February 23, 2024

Scientists creating “diseases in a dish” with induced pluripotent cells

But what about the controversy?
After nearly 10 years of controversy,
scientists seem little closer to achieving “miracle cures” with embryonic stem
cells – although two clinical trials have begun recently. But that was only one
of the benefits promised by its supporters. The other one was the possibility
of creating “diseases in a dish” for drug discovery.

Now, according to the journal Science, great
progress has been made in the study of intractable diseases – but with induced
pluripotent stem cells, not embryonic stem cells. “For the first time, we have
the ability to take any disease that is out there, take a few cells from a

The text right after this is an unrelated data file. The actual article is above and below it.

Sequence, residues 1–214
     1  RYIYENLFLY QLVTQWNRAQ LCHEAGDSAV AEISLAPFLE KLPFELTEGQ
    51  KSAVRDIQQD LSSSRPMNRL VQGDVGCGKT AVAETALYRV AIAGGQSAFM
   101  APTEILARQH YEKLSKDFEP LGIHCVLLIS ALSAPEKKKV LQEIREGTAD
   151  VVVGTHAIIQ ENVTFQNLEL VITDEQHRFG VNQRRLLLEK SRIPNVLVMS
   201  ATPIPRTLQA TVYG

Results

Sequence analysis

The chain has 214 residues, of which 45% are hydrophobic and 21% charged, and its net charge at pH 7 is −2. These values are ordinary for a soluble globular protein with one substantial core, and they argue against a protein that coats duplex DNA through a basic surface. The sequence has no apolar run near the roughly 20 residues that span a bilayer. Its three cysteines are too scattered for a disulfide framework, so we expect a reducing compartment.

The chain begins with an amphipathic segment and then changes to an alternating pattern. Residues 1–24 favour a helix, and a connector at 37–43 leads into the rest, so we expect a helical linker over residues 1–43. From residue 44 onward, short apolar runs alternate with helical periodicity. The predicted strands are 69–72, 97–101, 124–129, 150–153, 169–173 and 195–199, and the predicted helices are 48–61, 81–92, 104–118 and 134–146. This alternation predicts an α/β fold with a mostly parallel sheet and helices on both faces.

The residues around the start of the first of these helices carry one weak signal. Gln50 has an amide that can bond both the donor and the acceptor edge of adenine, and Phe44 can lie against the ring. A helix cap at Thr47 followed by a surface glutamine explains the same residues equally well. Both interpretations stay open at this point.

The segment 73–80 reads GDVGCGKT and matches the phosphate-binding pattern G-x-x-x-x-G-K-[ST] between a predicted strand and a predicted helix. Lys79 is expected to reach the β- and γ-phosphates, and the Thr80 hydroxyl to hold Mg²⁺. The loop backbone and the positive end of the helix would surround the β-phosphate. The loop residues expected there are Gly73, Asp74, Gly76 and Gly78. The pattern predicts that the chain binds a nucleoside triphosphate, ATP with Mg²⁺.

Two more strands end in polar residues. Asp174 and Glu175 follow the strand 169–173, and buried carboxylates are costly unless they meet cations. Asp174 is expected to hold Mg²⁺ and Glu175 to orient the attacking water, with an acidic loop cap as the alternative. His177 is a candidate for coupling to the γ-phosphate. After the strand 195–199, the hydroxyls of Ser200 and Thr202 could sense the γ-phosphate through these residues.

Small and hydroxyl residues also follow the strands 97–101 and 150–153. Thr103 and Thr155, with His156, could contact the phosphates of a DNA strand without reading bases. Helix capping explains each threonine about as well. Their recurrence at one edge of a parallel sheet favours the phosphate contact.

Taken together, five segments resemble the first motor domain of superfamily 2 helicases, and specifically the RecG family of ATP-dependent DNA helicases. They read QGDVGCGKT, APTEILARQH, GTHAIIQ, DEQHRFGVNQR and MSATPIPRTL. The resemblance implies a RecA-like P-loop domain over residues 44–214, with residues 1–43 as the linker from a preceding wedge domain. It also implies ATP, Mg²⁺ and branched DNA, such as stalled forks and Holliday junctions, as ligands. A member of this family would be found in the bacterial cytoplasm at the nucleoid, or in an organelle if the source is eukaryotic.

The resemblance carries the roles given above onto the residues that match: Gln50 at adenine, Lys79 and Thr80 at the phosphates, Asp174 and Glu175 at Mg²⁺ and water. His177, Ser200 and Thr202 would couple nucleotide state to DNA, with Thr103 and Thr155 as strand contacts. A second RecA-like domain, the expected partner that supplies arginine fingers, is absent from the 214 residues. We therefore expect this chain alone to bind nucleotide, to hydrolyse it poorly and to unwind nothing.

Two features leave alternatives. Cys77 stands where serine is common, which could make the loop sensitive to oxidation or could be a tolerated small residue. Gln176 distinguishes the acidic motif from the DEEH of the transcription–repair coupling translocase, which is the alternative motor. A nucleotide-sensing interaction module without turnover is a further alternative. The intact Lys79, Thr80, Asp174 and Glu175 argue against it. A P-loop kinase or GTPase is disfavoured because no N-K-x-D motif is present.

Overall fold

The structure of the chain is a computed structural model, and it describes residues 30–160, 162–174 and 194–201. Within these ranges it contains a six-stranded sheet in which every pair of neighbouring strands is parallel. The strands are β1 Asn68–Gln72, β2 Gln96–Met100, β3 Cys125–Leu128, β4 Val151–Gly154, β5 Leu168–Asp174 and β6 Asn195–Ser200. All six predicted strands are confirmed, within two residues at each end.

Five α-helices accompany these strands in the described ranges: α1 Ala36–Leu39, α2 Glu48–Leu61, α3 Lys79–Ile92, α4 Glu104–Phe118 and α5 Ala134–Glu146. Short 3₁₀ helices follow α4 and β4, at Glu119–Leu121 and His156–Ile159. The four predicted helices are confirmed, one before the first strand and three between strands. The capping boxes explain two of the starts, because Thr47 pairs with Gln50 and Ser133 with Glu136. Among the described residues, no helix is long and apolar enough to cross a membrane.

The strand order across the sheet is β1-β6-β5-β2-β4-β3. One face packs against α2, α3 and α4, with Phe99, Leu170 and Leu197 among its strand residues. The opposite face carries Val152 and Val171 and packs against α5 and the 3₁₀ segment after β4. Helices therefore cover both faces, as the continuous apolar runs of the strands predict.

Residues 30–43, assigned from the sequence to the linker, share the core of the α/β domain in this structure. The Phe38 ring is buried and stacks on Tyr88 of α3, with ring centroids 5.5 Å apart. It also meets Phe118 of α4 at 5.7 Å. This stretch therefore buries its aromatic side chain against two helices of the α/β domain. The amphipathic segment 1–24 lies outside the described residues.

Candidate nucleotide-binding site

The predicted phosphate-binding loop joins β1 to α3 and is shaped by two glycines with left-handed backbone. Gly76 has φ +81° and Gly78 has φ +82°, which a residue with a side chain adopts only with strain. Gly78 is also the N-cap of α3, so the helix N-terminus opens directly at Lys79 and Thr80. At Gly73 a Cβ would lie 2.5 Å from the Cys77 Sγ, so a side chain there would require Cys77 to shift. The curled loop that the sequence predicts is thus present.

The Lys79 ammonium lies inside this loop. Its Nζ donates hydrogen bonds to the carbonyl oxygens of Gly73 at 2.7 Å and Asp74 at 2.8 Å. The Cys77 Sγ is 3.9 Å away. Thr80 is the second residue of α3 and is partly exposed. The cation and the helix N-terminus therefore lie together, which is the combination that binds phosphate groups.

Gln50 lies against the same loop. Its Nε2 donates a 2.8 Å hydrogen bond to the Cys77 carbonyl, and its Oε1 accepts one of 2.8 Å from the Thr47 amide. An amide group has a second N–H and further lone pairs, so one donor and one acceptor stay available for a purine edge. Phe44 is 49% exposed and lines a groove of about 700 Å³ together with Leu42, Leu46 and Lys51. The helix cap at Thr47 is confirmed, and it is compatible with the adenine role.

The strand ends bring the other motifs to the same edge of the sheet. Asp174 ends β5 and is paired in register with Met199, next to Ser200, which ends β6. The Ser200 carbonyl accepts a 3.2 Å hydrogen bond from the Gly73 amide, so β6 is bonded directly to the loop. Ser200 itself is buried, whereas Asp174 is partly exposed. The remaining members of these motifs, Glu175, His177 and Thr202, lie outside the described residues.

patient, and create pluripotent cells in a dish,” says Gustavo Mostoslavsky, a
stem cell scientist at Boston University School of Medicine. “I think we will
see an explosion of papers in the next few years.”

In fact, nearly all the diseases mentioned
in pleas by scientists and celebrities who were desperate to use human
embryonic stem cells back in 2002 are now being studied with iPS cells,
including Alzheimer’s, Parkinson’s, and ALS.

Reprogramming technologies are less than 5
years old, but Harvard’s Kevin Eggan told Science, “it’s hard not to be pretty
pleased with the progress that’s been made in a few short years.” One company specialising
in iPS cells is even turning a profit in a notoriously risky field. Cellular
Dynamics International, of Madison, Wisconsin, sells heart muscle cells  which have been derived from induced
pluripotent stem (iPS) cells for $1500 a vial. Dozens of drug companies buy the
cells to test their products for side-effects upon the heart.

So was all the fighting over embryonic stem
cells necessary? No one seems to be asking the question. ~ Science, Nov 26


Michael Cook
stem cells